Your local swim lessons are putting your child at increased danger of drowning
By Selena Willows, CEO, Swim to Safety
Swimming lessons don’t need to take months or years to produce confident & independent swimmers. Children as young as 18 months CAN and DO learn to swim in just a matter of a few practices all the time in my programs; so why does it take so long for a child enrolled in traditional lessons at the local swim school or community center to become independent in the water? These classes may be inexpensive, but you get what you pay for…
The average swim instructor is young. Hired as early as 14 (that’s when I started), most instructors leave swimming when they go away for university. Amongst those that stick to it many more are gone by the time they graduate. These instructors, though well versed in teaching swim strokes, don’t have a great deal of experience with children themselves; at least not in the ways necessary for helping young children overcome fear or unease in the water. Instructors are not encouraged to speak to the parents to get a feel for what their children are like and most recently I heard from a local municipal instructor that she was NOT ALLOWED to speak to the parents; information from parent to instructor and vice versa was to be conveyed through the deck supervisor… Where does that leave these instructors when it comes to trying to HELP your child? With nothing but a game of broken telephone and an outdated curriculum…
Current methods of teaching children to swim have not evolved in almost a century. Red Cross swimming programs were developed in the 1930s and despite leaps and bounds in learning sciences around early childhood development over the last century, let alone the last decade, these programs remain relatively intact and are still the programs that inform most learn to swim curriculums. Whether you go to the YMCA, the community pool, or to a private swim school that doesn’t use its own proprietary method, the steps for learning are all the same – once the child can float on their back THEN they can move up in their levels and learn to swim. Not only do children and parents feel discouraged and frustrated but the idea of my child being comfortable in the water BEFORE they are competent doesn’t interest me in the least.
Back floats are tricky to learn, even for many adults as it requires one to be absolutely calm and at rest in the water. Asking a child to float on their back and submit to the water before they know how to swim and are capable in the water is a losing battle. Not only would I consider that a non-swimmer who refuses to stay in a back float or even get into one is exhibiting good judgment, but the instructors are asking children to go against an innate mammalian respect for the water and fully trust a stranger in an environment they are not capable of. Frankly, it’s no wonder children get stuck in this level and struggle to get past it causing a period of limbo where children are highly exposed to the water and learning to be comfortable and submit to it without the requisite skills to keep their head above water. By teaching a child to be comfortable in the water before they are capable, we do our children an incredible disservice; we put them at higher risk of accident as their beliefs are not in alignment with reality. This can result in an absolute disaster.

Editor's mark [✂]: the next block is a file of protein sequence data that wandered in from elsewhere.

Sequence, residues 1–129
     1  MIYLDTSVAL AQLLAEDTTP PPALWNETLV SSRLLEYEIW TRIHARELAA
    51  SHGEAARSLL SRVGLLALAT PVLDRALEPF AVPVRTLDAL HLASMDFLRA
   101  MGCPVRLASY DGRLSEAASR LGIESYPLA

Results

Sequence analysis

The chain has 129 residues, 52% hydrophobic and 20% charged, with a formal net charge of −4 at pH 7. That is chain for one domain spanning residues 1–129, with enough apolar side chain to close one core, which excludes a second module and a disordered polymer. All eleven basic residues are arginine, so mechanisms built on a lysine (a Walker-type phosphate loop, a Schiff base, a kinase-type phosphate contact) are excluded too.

This comfort over capability starts even earlier for some. Parents can enroll their children in mommy (daddy/caregiver) and me classes where children sing songs, play with toys and learn to…blow bubbles?!
Not only are the songs and toys creating an atmosphere of fun in the water in a context where the child has no comprehension of the dangers but in my practice I have seen children who immediately upon submersion release all their air. Teaching a child to blow bubbles when they go underwater before they can pop themselves back up for more air is again, a huge disservice and highly dangerous.
The bottom line is, no matter the skill, a child who has learned to be comfortable in the water prior to being capable is at higher risk of drowning. By making the water seems fun, young non-swimmers are more drawn to the shimmery blue of the pool on a hot day not to mention, if they have been taught to blow out their air when going underwater chances are they will have less time underwater before their body requires another breath sending you straight to the hospital.
If you consider swimming to be a life skill, one that is non-negotiable due to safety concerns then the only logical solution is for your child to learn to be capable and build their confidence in the water based on their capabilities.
Comfort without capability is a dangerous prospect so I encourage parents whose children are fearful of the water or struggling to get through the back floats level to take a look at alternative learning options for their children. There are other methods out there that will teach your child to actually swim without attempting to pacify your child in the water first.